Lessons from Covid-19 – making art digitally accessible (3)

Based on the experiences of the first lockdown, the subsequent (partial) reopening and the last days in the near-lockdown, clear recommendations can be formulated for the stakeholders of the arts. It is important to take the crisis seriously. Financially stable institutions should do something for their audiences and for those arts professionals who have lost their sources of income in the arts and in non-arts side jobs. This also benefits them, because the health crisis is a chance to gain sympathy. Our recommendations are:

For opera houses, theatres and concert halls

  • Open your digital archives to the public as a consolation for the lonely days of home office, quarantine and isolation. The Vienna Opera has already done it!
  • Stream performances or even rehearsals into people’s homes so that audiences don’t forget you and can enjoy sophisticated entertainment.

Beyond that, continue playing is still an option where it is safely possible and allowed. Fifty spectators are more than zero. The Schauspielhaus Zurich demonstrates this. Continuing to play is a sign of not giving up – and not a sign of protest – just as the symbolic act of pushing a tram once saved democracy in Vienna.

For museums and exhibition venues

  • Expand your online access offer and add synchronous events. What seemed to be too much of an event circus for some in recent years, we are now missing. It’s time to get into the home delivery business like the Ars Electronica Center Linz.
  • Offer the possibility of organising virtual workshops, just as in “normal” times many museums (e.g. the ZPK in Bern) offer on-site workshops for team building or the development of creative content.

For artists

Bring joy into the lives of audiences cut off from you, and bring joy to yourself by occasionally streaming performances or presentations of your work via digital social media or other channels.

For lecturers, researchers, mediators, curators and experimental artists

  • Take the opportunity to share your knowledge with an international audience through online courses – even more so if you already have a digital social media network through which you can promote your courses efficiently and effectively.
  • Use the opportunity of online collaboration to break out of the corsets of schedules and travel. Some projects only came about in the spring because you could arrange to meet online at unusual times.
  • Invent – together with engineers – new formats of performing and exhibiting art that use the internet as a channel and better exploit the huge potential of digital technologies.

In addition, there are many exciting possibilities to play with the limitations and artificial intelligence of presence technologies (video conferencing, collaboration tools, etc.), to experiment and create new aesthetic experiences from them.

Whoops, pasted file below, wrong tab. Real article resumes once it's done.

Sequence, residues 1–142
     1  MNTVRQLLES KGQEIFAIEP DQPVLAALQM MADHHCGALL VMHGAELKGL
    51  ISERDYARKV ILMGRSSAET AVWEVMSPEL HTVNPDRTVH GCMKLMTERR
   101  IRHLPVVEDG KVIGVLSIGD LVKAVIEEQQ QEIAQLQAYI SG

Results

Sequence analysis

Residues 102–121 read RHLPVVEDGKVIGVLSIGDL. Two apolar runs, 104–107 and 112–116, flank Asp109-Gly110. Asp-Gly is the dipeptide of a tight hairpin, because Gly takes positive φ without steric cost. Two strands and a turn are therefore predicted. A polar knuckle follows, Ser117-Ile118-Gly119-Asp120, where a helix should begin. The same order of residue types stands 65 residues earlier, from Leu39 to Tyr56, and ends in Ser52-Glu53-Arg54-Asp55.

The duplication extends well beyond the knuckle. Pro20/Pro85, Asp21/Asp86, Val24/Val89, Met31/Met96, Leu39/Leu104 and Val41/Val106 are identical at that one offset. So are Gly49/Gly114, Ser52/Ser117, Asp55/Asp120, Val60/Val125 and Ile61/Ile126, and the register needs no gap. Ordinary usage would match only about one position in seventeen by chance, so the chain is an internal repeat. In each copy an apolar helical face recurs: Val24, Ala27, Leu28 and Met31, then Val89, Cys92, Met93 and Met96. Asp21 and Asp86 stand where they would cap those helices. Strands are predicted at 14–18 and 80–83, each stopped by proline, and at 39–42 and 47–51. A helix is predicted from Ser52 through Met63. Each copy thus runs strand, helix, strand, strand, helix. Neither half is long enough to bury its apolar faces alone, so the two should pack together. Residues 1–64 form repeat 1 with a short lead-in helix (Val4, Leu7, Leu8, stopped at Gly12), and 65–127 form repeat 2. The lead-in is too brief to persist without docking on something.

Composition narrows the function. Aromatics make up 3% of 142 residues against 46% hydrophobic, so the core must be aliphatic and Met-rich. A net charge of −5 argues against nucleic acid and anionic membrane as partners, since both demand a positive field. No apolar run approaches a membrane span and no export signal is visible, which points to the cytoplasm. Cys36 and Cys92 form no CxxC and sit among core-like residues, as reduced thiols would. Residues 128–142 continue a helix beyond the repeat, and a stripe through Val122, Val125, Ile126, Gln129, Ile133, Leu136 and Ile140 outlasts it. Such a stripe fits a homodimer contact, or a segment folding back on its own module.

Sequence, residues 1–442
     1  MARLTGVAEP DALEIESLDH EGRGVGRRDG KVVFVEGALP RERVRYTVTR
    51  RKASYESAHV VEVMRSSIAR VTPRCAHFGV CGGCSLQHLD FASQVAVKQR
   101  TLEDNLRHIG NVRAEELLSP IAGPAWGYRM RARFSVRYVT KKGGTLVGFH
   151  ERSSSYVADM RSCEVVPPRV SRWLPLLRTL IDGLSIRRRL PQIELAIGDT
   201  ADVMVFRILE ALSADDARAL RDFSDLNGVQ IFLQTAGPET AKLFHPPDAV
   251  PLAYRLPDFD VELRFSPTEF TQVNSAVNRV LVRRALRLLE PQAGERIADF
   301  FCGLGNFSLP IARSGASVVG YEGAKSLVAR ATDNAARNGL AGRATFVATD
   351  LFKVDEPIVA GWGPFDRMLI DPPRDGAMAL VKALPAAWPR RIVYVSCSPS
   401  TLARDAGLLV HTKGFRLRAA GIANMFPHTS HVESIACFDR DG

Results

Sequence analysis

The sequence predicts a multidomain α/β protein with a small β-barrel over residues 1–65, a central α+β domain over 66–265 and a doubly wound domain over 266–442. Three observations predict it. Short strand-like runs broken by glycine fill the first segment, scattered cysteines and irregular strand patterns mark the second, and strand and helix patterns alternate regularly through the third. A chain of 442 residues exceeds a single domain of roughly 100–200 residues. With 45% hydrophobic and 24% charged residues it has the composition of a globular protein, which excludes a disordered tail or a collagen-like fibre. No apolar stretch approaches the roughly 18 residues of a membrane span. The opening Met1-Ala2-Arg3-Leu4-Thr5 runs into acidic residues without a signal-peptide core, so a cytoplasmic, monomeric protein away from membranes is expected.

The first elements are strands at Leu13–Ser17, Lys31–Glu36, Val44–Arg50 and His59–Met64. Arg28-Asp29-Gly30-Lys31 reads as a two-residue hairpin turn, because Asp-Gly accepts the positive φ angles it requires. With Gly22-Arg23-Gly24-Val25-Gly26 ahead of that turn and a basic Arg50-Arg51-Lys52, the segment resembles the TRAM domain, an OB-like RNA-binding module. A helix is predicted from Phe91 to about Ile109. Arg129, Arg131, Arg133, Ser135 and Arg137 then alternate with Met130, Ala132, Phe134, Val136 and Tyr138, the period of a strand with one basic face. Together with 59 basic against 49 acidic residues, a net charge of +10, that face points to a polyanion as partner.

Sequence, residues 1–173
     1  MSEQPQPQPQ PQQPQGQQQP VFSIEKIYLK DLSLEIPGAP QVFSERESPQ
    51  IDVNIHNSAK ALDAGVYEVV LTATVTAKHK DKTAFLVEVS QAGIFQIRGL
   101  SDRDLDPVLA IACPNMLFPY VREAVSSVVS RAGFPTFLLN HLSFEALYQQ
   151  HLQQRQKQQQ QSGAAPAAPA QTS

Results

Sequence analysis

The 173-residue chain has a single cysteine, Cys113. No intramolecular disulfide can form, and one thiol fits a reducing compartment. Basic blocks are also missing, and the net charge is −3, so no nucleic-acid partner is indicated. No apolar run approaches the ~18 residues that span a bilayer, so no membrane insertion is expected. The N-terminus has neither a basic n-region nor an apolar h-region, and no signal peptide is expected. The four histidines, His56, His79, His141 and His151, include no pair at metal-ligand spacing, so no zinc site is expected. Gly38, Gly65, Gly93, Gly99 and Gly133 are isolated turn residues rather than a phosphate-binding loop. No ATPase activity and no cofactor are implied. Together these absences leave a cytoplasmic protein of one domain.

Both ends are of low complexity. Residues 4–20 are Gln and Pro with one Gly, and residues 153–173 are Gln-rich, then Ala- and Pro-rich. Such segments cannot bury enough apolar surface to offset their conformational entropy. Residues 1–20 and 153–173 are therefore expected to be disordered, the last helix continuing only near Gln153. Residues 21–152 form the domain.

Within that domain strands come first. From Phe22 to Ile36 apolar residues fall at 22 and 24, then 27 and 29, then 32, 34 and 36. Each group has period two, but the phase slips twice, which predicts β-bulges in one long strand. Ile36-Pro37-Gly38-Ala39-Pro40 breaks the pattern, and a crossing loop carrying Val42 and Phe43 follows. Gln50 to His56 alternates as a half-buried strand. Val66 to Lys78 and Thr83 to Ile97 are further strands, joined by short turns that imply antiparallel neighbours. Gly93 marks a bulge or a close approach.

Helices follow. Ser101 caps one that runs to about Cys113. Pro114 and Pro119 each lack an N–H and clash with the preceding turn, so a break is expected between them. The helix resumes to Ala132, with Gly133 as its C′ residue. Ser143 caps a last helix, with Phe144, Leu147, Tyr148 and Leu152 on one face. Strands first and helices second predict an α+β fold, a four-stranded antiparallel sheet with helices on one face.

For art schools and research centres

  • Offer international colloquia with speakers and audiences from all over the world to enable your students and lecturers to engage in international exchange.
  • Strengthen your international network. Make the internet your village and collaborate with the most exciting people in the world in both online teaching and artistic research.

Already in early summer, art colleges have also shown that the limitations offer new formats for exams and other tasks for students. Those who have to present digitally in virtual space come up with different ideas and break out of conventions more easily.

For technical colleges

Help reinvent stages and exhibition spaces virtually. Use the cooperation with artists to show your skills to a broad audience. In this way, you can attract more attention and inspire young people to study computer science.

The opportunity of the new context

The president of the Swiss Science Council, Prof. Gerd Folkers, once said in an interview that he sometimes had the feeling that it was not we who were standing on the shoulders of giants, but giants standing on our shoulders. In art, this is often demonstrated by imitating the ideas of great artists of the past without young art students being aware of it. In the digital context, it is nevertheless very easy to turn it into something originally new, because it has hardly been used for art-making so far. William Forsythe created a performance installation on human rights for the Schiffbau in Zurich in 2005, which was based on restrictions on writing. We should recognise a similar setting in the daily and often tedious video conferences – not least to reflect on what the purpose of our performance is beyond good storytelling.

The Series

Part 1 “The Digital Arts” was published on 23 October. Part 2 “How theatre reaches its audience digitally” was published on 30 October.


Special thanks go to the colleagues at the BUA with whom the author has already been able to carry out exciting projects or have interesting discussions, especially the head of BUA research, Thomas Gartmann, and the head of the Music Mediation Cluster at the BFH Centre Arts in Contexts, Barbara Balba Weber.

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AUTHOR: Reinhard Riedl

Prof. Dr Reinhard Riedl is a lecturer at the Institute of Digital Technology Management at BFH Wirtschaft. He is involved in many organisations and is, among other things, Vice-President of the Swiss E-Government Symposium and a member of the steering committee of TA-Swiss. He is also a board member of eJustice.ch, Praevenire - Verein zur Optimierung der solidarischen Gesundheitsversorgung (Austria) and All-acad.com, among others.

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